I don’t like this but it is what it is… “Officials at the United Nations Food and Agriculture Organization recently predicted that beef could become an extreme luxury item by 2050, like caviar, due to rising production costs.” -From the Wall Street Journal article on eating insects

    1. Let’s hope they were speaking in terms of CAFO. I doubt small farmers in developing countries have very high production costs involved in letting a heifer graze in the backyard.

  16. Ohhh, that kind of spinning.

    I thought it was some kind of thing inspired by whirling dervishes, no, more like inspired by OK GO.

  17. I really enjoyed the links to Wilderness Childes’ pig head blog although I’m now having bad flashbacks to my earlier life married to a Greek man who had a fondness for stashing goat or sheep heads in our fridge for me to find at inopportune times….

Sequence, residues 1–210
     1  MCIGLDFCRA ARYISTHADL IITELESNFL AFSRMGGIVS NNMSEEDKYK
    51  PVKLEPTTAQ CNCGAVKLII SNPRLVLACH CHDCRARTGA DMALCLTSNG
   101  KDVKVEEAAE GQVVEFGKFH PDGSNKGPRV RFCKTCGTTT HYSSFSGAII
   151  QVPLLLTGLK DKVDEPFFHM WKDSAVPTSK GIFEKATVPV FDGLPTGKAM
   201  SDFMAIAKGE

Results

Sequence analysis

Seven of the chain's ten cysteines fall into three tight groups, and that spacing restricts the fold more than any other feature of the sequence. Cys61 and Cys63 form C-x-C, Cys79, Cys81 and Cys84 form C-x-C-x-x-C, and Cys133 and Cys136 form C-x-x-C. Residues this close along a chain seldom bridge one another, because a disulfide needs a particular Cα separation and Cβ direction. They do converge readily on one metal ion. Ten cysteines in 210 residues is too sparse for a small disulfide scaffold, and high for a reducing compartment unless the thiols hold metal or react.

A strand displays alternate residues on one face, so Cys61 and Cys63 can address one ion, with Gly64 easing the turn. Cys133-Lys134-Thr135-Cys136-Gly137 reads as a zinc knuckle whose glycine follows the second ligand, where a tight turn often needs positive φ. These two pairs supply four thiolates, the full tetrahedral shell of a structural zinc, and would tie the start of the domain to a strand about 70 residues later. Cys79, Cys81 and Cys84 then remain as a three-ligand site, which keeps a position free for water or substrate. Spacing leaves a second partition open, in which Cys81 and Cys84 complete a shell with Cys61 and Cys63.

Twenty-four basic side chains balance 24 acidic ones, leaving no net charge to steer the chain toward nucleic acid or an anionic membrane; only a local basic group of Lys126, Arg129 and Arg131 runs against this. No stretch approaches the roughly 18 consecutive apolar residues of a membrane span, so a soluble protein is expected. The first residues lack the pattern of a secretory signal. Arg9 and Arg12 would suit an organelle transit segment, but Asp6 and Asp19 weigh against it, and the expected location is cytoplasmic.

Sometimes I get a little grossed out by the unrecognisable bits of the animals we serve up each night for dinner, then I try to think of our ancestors who rightly used anything useable from an animal. It’s the way it should be.

  18. I CAN’T BELIEVE that you did not include Martin Berkhan’s latest cheesecake mastery! I would consider it Primal for the sake of its sheer debauchery…

    http://www.leangains.com/2011/02/birthday-cheesecake-mastery.html

    LOL just kidding.

    Thanks for linking the Times article, that was quite interesting. I wonder if the researchers fed the monkeys fructose? I don’t believe we should fear carbs per se but rather it is the refined carbs like sugar and fructose that cause severe problems when consumed in excess.

  19. RE: Monkey studies,Quote
    “Fat Albert, one of her monkeys who she said was at one time the world’s heaviest rhesus, at 70 pounds, ate “nothing but an American Heart Association-recommended diet,” she said.”